Yesterday’s 12 hour protest over the quantum jump in fuel pricing successfully conveyed to the UPA government people’s displeasure vis-à-vis the recent petrol hike. Subtly supported by the BJP government in Goa, the bandh was largely successful, but the worst victims were tourists who were stranded without transport, even food.
The apex court tried to “ban” bandhs in 1998. In 2004, it actually fined two parties – BJP and Shiv Sena for organizing a bandh in Mumbai as a protest against bomb blasts in the city. The most famous fuel hike bandh was on July 5, 2010, when the nation-wide stir resulted in a loss of an estimated Rs 13,000 crores. Considering that such bandhs result in severe loss to the country and business in particular, the question arises: are those who issue such clarion calls really interested in the economy of the country, or are they primarily focused on playing politics, using people as pawns to settle scores? This anti-national attitude needs re-orientation from political parties because, eventually, bandhs yield no pro-active result, as will be the case with this bandh.
Of course, once petrol prices are deregulated as part of the liberalized economy, the benefits of which we all enjoy, including imported cars (as opposed to Fiat and Ambassador of old), frontier technology in every field, luxury goods, cable TV (as opposed to Doordarshan) etc, one cannot then cry about rise in petrol prices since they are linked to international forces of demand and supply.
However, the Central government can be put on the mat for more efficient taxation regimes and demand that duties on petrol be kept to the minimum as done in the Middle East, Pakistan and Malaysia, by cutting dealer commission, octroi etc. But the only way to do this is through Parliamentary debate, not street democracy or mobocracy.
The fact remains that when the NDA was in power at the Centre, they were fierce votaries of Liberalization and free economy, and it was the then Petroleum Minister Ram Naik who had deregulated the fuel prices and linked them to international pricing, since they could not bear the financial burden and balance the budgets. During the NDA regime, fuel was periodically priced almost after a 20 day gap.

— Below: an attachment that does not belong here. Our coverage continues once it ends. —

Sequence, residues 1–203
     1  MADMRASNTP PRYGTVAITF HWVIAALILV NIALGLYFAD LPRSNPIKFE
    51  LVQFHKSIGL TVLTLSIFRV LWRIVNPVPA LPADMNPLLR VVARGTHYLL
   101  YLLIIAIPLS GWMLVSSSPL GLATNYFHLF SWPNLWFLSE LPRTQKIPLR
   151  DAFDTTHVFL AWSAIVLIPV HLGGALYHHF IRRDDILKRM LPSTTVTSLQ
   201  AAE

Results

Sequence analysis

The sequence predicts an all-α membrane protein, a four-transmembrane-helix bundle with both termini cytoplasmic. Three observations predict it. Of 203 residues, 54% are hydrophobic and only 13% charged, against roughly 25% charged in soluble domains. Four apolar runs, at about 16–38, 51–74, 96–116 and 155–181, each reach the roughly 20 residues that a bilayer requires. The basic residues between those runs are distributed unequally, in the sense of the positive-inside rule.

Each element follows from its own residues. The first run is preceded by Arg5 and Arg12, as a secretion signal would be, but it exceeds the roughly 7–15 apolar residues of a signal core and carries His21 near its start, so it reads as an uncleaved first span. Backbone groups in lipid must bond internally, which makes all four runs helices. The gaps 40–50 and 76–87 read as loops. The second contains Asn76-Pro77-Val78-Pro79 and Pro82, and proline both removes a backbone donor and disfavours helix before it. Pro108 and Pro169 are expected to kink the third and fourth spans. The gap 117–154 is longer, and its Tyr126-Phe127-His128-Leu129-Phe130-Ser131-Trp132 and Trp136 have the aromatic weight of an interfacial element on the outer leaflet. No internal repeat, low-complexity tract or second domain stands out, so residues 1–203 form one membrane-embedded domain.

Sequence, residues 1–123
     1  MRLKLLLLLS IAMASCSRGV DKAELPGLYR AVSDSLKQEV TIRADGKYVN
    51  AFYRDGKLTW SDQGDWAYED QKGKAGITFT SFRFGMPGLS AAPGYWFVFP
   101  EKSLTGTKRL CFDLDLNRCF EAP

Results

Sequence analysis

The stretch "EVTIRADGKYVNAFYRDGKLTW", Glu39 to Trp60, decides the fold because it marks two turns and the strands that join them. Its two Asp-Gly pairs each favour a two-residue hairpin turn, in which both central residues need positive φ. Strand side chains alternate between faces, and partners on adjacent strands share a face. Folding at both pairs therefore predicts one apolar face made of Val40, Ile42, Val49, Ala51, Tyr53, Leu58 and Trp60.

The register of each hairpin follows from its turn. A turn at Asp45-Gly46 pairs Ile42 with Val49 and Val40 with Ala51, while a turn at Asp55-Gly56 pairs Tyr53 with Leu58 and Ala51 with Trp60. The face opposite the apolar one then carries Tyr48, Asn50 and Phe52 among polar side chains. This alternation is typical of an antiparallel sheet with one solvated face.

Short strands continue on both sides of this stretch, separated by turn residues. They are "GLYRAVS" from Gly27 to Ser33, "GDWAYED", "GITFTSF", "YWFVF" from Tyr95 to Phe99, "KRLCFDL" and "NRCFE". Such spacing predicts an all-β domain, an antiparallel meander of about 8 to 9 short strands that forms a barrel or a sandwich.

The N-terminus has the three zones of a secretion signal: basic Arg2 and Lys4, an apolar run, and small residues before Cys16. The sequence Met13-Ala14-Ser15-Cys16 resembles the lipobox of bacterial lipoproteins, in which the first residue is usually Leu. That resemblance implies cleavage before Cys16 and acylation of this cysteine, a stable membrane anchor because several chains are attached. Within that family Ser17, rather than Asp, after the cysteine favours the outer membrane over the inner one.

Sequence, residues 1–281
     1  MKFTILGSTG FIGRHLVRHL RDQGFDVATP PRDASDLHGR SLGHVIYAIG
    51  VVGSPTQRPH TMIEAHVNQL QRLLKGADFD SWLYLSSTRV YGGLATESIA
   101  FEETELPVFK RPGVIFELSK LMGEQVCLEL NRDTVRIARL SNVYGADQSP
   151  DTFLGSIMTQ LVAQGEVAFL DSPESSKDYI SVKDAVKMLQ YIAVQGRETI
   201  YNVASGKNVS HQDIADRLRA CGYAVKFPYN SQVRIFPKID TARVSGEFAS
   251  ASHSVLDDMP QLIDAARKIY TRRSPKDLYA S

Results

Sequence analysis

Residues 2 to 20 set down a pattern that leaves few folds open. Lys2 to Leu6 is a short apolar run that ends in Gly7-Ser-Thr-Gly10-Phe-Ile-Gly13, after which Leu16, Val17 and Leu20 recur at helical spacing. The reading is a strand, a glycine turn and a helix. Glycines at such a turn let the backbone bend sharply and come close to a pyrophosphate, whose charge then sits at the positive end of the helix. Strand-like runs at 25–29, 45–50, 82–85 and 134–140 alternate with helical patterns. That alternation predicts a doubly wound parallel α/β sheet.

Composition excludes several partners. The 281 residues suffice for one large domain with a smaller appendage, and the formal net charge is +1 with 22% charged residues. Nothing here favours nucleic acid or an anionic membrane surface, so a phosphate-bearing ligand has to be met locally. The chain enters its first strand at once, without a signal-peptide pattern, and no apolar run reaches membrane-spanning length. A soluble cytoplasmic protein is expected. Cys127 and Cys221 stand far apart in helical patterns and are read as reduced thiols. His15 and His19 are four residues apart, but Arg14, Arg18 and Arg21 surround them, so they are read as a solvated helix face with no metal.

Yesterday’s bandh resulted in a huge loss to the nation. This becomes significant in the wake of tottering Indian economy. The call for the bandh is therefore questionable, specially because there was no shift in government policy. With the BJP, a part of the constituent supporting the bandh, it was expected that the bus lobby would support the bandh – out of fear than conviction. What however was strange was the manner private bus operators initially were averse to support the strike, but later did a U turn. Their initial decision stemmed from the fact that in the past, the Transport Department had wielded its whip by ordering cancellation of permits when bus operators refused to fall in line. The bus operators eventually agreed to support the stir, but not before exposing the NDA government who first deregularised petrol and diesel prices.
Every participant in the bandh believes that these hartals have no impact, but only succeed in echoing the sentiments of the people and embarrassing the government in power. Industrialists supporting the closure is also not unexpected because not many want to be at the wrong side of the government, which is a powerful position to give them freebies. At the end of the day, the bandh is a political weapon of the Opposition, with no gains for the common man. It only shows the bankruptcy of our leaders to use Parliamentary democracy effectively, and questions the function of democracy in developing countries.